Brittney Griner addresses Russian detainment: ‘No one should be in those conditions’


(WASHINGTON) — Brittney Griner said “digging deep” helped her get through her detainment at a Russian prison last year.

“I’m no stranger to hard times,” the WNBA star said, tearing up during her first press conference since being freed from a Russian prison late last year. “You’re going to be faced with adversities throughout your life. This was a pretty big one.”

Griner, who is entering her 10th season in the WNBA, all with the Phoenix Mercury, said she relied on her hard work during practices to get her through the ordeal.

“I know this sounds so small, but dying in practice and just hard workouts, you found a way to just grind it out, just put your head down and just keep going, keep moving forward. You can never stand still,” the 32-year-old center said. “And that was my thing — just never be still. Never get too focused on the now and just looking forward to, you know, what’s to come.”

Griner thanked everyone who played a part in bringing her home, shouting out the WNBA and Vice President Kamala Harris, among others, as she also urged people to continue to fight for others who Americans wrongfully detained overseas, such as former Marine Paul Whelan and Wall Street Journal reporter Evan Gershkovich.

“I have that mindset — no man, no woman left behind. So it hurts,” she said, noting that her father was a Marine and she comes from a military family. “It hurts, it hurts. Because no one should be in those conditions. Like hands down, no one should be in any of the conditions that I went through or they’re going through.”

“I hope that everyone continues to bring awareness and fight to bring home everyone,” she continued.

Griner said her agent has been in touch with the family of Gershkovich, who the U.S. has determined was wrongfully detained by Russia, and “just sharing knowledge.”

“It goes a long way, because, I mean, you’re in foreign territory. You’re in unknown waters,” she said. “There’s been a lot of communication between both teams.”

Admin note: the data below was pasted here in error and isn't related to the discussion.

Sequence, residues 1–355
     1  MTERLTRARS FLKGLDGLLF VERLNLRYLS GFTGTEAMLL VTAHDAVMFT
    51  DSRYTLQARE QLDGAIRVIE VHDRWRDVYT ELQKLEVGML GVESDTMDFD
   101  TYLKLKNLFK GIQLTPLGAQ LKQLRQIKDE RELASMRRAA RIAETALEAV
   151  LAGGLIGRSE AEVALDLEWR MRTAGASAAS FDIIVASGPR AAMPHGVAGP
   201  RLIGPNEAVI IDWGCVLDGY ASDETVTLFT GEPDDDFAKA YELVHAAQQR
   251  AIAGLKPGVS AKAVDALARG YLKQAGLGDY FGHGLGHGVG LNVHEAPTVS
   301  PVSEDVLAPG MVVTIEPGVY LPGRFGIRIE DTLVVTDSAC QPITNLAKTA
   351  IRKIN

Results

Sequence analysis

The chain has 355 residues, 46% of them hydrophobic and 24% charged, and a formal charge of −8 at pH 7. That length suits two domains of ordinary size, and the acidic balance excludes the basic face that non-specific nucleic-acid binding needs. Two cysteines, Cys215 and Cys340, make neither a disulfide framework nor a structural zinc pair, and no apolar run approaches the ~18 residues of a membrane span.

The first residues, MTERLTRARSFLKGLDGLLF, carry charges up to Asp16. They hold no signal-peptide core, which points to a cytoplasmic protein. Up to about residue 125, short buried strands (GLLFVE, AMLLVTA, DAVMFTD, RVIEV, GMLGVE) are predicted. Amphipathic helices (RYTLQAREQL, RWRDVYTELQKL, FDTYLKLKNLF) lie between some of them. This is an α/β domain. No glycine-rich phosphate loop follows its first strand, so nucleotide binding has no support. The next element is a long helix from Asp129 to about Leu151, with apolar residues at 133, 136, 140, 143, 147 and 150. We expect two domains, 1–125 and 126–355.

Griner was returning to play for her Russian club, UMMC Ekaterinburg, when she was taken into custody at a Moscow-area airport in February 2022 in possession of vaping cartridges containing hashish oil, an illegal substance in Russia.

She pleaded guilty in July and was sentenced to nine years in prison on Aug. 7. She appealed the sentence, but was quickly rejected in October.

Griner was freed in December when the U.S. swapped the WNBA star for convicted Russian arms dealer Viktor Bout.

Griner said she does not plan to play overseas again, unless it’s representing the U.S., while lamenting it was unfortunate she and other players had to do that to “pay my light bill.”

“It’s a shame that we have to leave our families for holidays,” she said. “Hopefully that changes.”

While detained, Griner said looking at photos of her family and getting letters of support gave her hope.

“It gives you a spark of life,” she said.

Among those in attendance at Thursday’s press conference were Arizona Gov. Katie Hobbs and Griner’s wife, Cherelle Griner.

“Round of applause for my wife, honestly,” Griner said. “She had the hardest job. Thank you so much, babe, for being there for me. You the one.”

In advance of the season, which starts next month, the team said Thursday it will unveil a 30-foot-wide mural on the Footprint Center, its home arena in downtown Phoenix, that features the faces of Griner and more than a dozen detained individuals.

The team said it plans to bring more attention to the plight of detainees throughout the season, including a letter-writing campaign at home games.

The efforts are through a partnership with Bring Our Families Home, a campaign that advocates for American hostages and wrongful detainees held overseas home and provides resources to their families.

“Brittney Griner’s wrongful detention educated our organization, fan base and the Valley about the plight of hostages around the world and their families here at home,” Mercury President Vince Kozar said in a statement. “We learned that, outside personal safety, the biggest fear is being forgotten and we know those currently being held do not automatically have the same public platform or receive the same media attention Brittney’s case did.”

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